Two Years of College or less Beautician Cardiovascular Technician Chef Computer Programmer Computer Technician Dental Hygienist Engineering Technician Executive Secretary Funeral Director Graphic Designer Heating, Air-Conditioning, and Refrigeration Technician Interior Designer Licensed Practical Nurse Medical Assistant Medical Record Technician Paralegal Surgical Technologist

Four Years of College Accountant Computer Systems Analyst Dietitian Editor Engineer FBI Agent Investment Banker Journalist Medical Illustrator Medical Technologist Nurse (Bachelor’s of Science) Policeman Public Relations Specialist Recreational Therapist Research Assistant Social Worker Teacher Writer

Graduate Degree or Professional Program Architect Biologist Dentist Doctor Economist Geologist Lawyer Management Consultant Pharmacist Physical Therapist Psychologist Public Policy Analyst Scientist Sociologist University Professor Veterinarian Zoologist

There are more than 3000 colleges and universities to choose from. You should only apply to those schools that you really want to attend and that you qualify to attend. College applications require application fees, so narrow down your list to approximately five (5) schools to keep these costs at a minimum. When applying, you should have three (3) first choice schools and at least two (2) other schools that have less stringent requirements, that you will be happy to attend. Always apply to more than one school!

Admissions requirements of each school Recommended ACT or SAT Score Minimum High School G.P.A. Supporting Documentation Admissions Essays Admissions Interview Letters of Recommendation Costs Tuition In State / Out of State Room & Board (Housing and Meals) Student Fees Transportation

11 CHOOSING A SCHOOL (Continued)
School Reputation School rank on Academic and Social polls Major Field of Study Reputation of the Faculty Buildings, laboratories, libraries, athletic facilities, and other resources available to students Location Urban, Rural or Suburban Climate ( Warm or Cold) Part of Country school (Northeast, West, South, Midwest, East) School Size (Large or Small) Big schools have broad range of courses, more diverse students and faculty, and lots of extra-curricular activities. These schools can also be very large and overwhelming. Small schools have smaller class sizes with classes taught by professors and not graduate students, and the opportunity to know more people in your class and the administration on a personal level.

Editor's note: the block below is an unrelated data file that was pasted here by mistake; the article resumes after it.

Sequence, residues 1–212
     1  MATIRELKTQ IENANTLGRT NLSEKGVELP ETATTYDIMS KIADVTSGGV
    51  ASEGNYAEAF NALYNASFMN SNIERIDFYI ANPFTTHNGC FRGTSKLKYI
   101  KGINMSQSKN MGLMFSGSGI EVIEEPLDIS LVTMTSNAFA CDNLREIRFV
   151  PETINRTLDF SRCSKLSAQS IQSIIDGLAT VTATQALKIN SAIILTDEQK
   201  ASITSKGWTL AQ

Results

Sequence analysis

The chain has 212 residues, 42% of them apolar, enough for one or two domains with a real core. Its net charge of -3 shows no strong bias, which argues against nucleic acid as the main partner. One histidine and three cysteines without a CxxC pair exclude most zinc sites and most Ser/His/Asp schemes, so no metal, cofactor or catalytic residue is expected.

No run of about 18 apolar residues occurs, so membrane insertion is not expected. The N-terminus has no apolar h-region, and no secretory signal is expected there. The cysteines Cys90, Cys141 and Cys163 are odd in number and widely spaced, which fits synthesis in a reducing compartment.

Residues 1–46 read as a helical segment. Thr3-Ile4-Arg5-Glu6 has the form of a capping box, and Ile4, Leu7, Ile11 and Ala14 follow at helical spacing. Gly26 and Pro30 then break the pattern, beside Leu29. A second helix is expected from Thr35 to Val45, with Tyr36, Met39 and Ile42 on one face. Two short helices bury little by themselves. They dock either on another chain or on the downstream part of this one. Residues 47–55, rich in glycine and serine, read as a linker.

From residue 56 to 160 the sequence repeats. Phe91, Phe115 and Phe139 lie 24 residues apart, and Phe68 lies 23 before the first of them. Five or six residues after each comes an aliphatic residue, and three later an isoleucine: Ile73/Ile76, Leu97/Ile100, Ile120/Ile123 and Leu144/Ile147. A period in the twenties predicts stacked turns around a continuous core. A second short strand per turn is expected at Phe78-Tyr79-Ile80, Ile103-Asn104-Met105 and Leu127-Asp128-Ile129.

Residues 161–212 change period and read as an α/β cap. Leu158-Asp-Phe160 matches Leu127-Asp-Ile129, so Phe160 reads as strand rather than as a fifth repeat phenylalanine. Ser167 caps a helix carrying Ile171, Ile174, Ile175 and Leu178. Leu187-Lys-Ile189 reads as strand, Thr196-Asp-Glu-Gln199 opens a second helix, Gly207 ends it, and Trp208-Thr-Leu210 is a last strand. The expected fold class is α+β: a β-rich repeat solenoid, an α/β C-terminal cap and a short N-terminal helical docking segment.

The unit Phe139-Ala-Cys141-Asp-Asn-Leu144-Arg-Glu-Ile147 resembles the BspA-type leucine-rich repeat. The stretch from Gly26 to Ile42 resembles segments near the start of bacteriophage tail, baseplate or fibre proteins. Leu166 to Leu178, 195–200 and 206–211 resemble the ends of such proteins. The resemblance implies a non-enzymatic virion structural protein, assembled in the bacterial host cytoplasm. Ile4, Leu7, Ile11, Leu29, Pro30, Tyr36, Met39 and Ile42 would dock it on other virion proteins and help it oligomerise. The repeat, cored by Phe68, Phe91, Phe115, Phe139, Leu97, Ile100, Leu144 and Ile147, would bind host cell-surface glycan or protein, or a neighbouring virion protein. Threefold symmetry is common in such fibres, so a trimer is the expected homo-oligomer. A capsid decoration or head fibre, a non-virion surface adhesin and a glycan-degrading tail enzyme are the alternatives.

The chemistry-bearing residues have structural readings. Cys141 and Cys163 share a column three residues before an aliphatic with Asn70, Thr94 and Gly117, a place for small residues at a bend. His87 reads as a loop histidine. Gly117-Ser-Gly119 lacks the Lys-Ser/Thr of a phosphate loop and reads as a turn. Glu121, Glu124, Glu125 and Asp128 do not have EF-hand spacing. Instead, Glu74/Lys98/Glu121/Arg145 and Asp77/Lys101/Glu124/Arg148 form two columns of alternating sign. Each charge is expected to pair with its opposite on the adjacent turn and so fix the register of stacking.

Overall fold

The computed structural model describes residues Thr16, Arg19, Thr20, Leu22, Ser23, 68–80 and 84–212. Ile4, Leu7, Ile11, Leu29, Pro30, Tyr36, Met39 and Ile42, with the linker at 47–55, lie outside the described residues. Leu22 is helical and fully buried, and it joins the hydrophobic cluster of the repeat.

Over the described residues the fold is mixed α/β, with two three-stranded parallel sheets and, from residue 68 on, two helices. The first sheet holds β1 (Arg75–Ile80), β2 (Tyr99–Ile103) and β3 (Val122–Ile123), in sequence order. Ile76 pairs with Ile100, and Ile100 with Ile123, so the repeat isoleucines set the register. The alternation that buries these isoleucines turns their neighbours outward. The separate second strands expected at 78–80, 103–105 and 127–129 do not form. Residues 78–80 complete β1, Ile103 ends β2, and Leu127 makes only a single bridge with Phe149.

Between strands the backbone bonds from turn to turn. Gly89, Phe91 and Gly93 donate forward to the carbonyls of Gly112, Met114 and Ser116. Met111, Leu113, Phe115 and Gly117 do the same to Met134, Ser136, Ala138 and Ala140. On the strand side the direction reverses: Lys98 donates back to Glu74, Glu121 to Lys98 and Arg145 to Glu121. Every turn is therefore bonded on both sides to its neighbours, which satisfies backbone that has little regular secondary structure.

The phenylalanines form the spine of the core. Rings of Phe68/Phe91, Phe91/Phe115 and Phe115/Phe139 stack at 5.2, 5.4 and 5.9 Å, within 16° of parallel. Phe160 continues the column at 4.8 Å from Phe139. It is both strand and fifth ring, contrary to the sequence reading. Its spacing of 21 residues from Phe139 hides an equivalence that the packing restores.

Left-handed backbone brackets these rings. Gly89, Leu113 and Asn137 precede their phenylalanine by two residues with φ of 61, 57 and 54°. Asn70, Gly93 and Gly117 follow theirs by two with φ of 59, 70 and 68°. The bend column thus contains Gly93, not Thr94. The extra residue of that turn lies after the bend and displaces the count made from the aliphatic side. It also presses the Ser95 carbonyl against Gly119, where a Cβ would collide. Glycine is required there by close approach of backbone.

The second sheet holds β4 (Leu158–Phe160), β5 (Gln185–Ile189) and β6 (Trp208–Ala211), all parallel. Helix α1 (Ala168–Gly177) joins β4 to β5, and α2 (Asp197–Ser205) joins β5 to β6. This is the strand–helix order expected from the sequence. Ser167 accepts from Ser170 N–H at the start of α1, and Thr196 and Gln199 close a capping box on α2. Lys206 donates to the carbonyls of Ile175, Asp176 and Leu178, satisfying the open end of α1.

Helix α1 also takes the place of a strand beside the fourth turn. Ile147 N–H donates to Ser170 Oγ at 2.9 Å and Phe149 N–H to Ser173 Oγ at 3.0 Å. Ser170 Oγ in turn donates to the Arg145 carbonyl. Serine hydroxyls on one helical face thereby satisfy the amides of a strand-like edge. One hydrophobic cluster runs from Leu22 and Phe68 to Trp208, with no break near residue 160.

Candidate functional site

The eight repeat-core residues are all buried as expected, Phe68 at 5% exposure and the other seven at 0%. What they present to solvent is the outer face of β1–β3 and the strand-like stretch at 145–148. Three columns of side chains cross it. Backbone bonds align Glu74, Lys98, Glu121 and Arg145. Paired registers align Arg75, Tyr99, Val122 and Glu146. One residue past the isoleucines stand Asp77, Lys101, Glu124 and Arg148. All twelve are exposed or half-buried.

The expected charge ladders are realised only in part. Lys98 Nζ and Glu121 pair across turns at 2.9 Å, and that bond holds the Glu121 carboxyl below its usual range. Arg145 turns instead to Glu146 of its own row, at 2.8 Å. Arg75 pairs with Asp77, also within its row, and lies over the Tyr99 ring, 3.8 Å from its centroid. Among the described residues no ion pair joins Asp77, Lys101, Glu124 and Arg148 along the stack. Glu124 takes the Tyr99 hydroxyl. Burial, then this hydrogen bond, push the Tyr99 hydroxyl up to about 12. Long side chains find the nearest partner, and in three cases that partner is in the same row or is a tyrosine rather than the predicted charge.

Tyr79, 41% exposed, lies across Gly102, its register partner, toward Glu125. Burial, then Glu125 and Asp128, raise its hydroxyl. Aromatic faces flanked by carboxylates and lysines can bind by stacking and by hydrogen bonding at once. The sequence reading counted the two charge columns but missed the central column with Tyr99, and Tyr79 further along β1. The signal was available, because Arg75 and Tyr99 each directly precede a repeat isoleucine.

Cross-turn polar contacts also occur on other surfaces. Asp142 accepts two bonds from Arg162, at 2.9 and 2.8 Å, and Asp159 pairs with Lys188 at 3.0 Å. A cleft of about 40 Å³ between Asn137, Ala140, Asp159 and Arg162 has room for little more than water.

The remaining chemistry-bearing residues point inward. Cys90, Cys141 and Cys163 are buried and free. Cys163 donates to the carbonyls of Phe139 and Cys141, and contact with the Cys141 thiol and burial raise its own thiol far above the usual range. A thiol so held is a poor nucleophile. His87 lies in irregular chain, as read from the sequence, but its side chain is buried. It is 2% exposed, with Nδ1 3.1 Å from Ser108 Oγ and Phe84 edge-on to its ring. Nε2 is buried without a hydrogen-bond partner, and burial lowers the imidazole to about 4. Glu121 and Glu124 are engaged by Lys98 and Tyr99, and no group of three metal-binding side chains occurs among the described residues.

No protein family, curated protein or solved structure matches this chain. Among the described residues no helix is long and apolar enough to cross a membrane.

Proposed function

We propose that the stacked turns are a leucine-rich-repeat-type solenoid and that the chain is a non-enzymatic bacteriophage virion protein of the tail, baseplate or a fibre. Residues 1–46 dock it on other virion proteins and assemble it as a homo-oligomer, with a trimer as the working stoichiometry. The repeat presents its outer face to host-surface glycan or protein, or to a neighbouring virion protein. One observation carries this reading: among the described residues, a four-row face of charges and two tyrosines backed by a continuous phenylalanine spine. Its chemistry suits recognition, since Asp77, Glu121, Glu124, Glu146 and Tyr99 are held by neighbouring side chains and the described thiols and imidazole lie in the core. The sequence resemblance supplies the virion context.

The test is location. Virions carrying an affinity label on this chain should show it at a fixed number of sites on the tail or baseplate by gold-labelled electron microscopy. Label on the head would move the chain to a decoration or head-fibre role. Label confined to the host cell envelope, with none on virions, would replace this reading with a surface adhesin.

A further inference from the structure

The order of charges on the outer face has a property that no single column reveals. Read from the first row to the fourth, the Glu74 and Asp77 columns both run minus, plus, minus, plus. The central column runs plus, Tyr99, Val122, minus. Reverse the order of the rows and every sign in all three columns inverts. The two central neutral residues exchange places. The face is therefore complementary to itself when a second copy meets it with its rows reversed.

12 CHOOSING A SCHOOL (Continued)
Retention Look at the number of Freshmen that come back the next year Look at the number of people that the school graduates in comparison to the number they admit Look at the number of people of color that graduate ( Look at the number of people that graduate on time (within 2 years or 4 years or however long the program is) Student / Faculty Diversity and Average Class Size Look at the diversity of the student body (ethnicity, gender, sexual orientation, types of student clubs) Look at the diversity of the faculty (people of color, female professors) Look at the average class size (are there 300 students in large lecture halls or classes of 20 students or less)

13 MAKING THE DECISION Go to as many college fairs as possible